Flourish July 2005
vol. 1, no. 5
It seems to be a truth commonly accepted in academic circles that summer is infinite. One may travel for weeks, get up at noon and watch day-time TV, have a succession of visitors who all insist on going to the local theme park, and perfect one's downward dog, and that's all doable because summer is a big block of time and you can get everything done. So, let me suggest something shocking: summer is not infinite. I'm not trying to panic you, but there are only so many Mondays until the fall term begins. For some of us that's fourteen Mondays, for others it is already down to seven or eight. As of last week, the hours of daylight have been getting shorter. If you are going to use this summer wisely, you cannot think of it as a big block of time in which writing will somehow get done. You must have a plan. If you haven't been writing much, start small. Start with fifteen minutes a day. Whatever you do, don't wait. It won't always be easy, but the longer you keep at it, the easier it will become. Writing in regular sessions of moderate length works. Waiting until September won't.
Stories from the Writing Life
“A rabbit is sunning himself outside his house when a fox comes along and tells him that he is going to eat him for lunch. The rabbit explains, rather smugly, that the fox cannot eat him because he is working on his dissertation, the subject of which is the superiority of rabbits over foxes and wolves. The fox laughs, but the rabbit persuades him to come into his house and examine his dissertation with the understanding that if the fox did not agree that the title was correct, he could eat the rabbit for lunch. The fox follows the rabbit into the house and never emerges.
“A few hours later, the rabbit is out sunning himself again when a wolf comes by. The above scene repeats itself with the same result.
“Later in the afternoon the rabbit is outside again when a squirrel comes by and comments on the satisfied look on the rabbit's face. The rabbit explains that he is indeed satisfied because he has just completed his dissertation on the superiority of rabbits over foxes and wolves. The squirrel is skeptical, but agrees to follow the rabbit into his house to examine his dissertation.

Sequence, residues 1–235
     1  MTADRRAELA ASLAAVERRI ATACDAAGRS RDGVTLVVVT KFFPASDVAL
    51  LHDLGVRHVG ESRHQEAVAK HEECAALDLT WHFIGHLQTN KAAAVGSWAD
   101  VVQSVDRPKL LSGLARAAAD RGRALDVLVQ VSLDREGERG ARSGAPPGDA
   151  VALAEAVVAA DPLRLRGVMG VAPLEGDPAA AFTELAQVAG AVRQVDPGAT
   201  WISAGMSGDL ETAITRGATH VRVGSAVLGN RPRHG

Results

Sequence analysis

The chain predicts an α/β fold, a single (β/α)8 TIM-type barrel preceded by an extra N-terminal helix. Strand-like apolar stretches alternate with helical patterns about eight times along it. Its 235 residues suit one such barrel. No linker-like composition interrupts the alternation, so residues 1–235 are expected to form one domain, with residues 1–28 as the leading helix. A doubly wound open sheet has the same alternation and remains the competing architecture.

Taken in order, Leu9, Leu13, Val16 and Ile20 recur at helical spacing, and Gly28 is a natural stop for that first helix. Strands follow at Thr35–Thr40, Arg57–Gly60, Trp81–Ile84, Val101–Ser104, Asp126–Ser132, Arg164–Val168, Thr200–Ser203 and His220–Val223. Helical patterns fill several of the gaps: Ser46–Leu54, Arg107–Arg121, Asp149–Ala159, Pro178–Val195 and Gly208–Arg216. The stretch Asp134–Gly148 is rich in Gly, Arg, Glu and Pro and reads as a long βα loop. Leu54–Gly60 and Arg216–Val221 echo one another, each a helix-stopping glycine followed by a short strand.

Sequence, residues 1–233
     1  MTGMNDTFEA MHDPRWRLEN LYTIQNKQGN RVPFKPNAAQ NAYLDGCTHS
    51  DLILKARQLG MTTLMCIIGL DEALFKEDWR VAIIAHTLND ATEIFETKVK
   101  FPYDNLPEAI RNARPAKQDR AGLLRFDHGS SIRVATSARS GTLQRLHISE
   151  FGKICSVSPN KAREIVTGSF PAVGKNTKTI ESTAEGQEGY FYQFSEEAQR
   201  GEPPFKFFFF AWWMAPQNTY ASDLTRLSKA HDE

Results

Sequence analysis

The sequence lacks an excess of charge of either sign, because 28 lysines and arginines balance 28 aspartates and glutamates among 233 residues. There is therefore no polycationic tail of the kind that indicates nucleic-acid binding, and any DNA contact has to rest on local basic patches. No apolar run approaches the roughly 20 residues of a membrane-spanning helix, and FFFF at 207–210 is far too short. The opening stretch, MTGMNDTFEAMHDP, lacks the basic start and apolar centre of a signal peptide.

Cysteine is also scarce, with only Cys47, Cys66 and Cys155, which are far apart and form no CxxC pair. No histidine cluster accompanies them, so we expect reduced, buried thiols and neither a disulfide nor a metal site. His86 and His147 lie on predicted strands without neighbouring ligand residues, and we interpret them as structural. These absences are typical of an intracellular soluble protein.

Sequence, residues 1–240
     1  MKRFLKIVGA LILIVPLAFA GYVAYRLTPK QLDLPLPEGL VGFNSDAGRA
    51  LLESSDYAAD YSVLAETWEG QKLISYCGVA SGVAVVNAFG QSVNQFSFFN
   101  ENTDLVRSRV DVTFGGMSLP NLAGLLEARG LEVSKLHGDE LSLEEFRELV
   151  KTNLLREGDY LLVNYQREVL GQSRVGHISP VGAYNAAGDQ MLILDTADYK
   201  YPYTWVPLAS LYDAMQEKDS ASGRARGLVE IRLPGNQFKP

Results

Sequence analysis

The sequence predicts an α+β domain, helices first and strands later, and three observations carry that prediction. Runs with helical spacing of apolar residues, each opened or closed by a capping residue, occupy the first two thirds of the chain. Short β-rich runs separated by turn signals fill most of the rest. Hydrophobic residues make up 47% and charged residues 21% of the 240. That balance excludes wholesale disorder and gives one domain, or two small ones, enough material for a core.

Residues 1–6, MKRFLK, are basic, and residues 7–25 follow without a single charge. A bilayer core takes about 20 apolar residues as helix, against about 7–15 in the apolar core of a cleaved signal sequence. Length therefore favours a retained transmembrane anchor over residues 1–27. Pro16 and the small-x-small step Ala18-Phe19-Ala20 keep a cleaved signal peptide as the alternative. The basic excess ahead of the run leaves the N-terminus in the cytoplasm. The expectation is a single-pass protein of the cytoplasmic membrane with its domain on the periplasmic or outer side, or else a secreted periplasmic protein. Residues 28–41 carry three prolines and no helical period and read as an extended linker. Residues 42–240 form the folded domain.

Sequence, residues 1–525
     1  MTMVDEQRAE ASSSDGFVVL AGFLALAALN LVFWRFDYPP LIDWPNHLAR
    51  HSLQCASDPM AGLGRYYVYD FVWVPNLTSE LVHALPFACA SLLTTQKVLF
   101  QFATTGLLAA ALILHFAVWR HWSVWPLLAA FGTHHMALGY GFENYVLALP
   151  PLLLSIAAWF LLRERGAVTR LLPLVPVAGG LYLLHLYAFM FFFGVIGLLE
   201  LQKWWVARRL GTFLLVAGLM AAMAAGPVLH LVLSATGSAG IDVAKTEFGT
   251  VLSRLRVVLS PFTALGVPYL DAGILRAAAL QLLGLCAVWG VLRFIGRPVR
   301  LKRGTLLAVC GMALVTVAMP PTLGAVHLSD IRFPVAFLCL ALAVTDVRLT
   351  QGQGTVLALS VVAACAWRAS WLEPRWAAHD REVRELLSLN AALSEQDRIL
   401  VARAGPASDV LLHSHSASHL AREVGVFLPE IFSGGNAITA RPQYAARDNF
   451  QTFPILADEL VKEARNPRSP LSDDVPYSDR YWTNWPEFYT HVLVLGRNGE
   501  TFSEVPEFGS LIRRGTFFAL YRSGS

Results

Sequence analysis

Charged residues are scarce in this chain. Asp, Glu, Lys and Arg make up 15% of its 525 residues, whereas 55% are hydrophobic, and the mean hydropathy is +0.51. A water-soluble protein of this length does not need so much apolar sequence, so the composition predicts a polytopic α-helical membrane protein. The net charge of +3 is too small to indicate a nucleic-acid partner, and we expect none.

“In the house is a computer on which appears the completed dissertation. On the floor on one side of the room are the bones of a fox. On the other side, the bones of a wolf. In the corner sits a lion.
“The rabbit smiles and says to the squirrel, ‘You know, it doesn't really matter what your research topic is, as long as you have the right advisor.'”
Anonymous message on the internet, cited in Richard M. Reis,Tomorrow's Professor: Preparing for Academic Careers in Science and Engineering (New York: Institute of Electrical and Electronics Engineers, Inc., 1997), 118-19.
Exercising the Writing Muscle
One of the best things you can do for your writing is to commit to spending an afternoon a week (or a month) at the library reading the journals in your field. Not only will it keep you up-to-date on the research and enable you to have more interesting (impressive?) conversations with those in your field, but it can improve your writing for publication. Many swear by this policy. If you need a task, you can examine the first paragraphs of four articles in journals you admire. See if you can identify how those first paragraphs are working. That is, how are the authors presenting their content? What do they start with? How much information are you the reader given? If you walked away after reading nothing but the first paragraph, what would you know about the article? Think carefully about how the authors are approaching their audiences and what that means for how you could better approach yours.
News from the Editor
It's been a busy month here, getting ready to teach the ten-week workshop at UCLA to graduate students in the humanities and social sciences. I always try to use the month before class starts to write another section of The Graduate Student and Junior Faculty Guide to Writing the Academic Article: A Step-by-Step Workbook for Sending Your Paper to a Journal in Twelve Weeks. On the recommendations of some of those who used the workbook last summer, I broke up the long first chapter and have added a daily task list for each week. I also worked on the literature review chapter. I now have a good three-quarters of the book done, which is great. Now, on to other writing projects!